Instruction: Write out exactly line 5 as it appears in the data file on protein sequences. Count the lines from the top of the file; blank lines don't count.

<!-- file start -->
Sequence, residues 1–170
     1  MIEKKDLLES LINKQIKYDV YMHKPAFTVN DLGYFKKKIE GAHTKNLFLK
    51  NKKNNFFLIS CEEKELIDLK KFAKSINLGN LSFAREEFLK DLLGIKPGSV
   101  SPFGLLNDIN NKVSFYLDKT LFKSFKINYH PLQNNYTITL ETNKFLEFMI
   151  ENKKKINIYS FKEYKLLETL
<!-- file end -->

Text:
   151  ENKKKINIYS FKEYKLLETL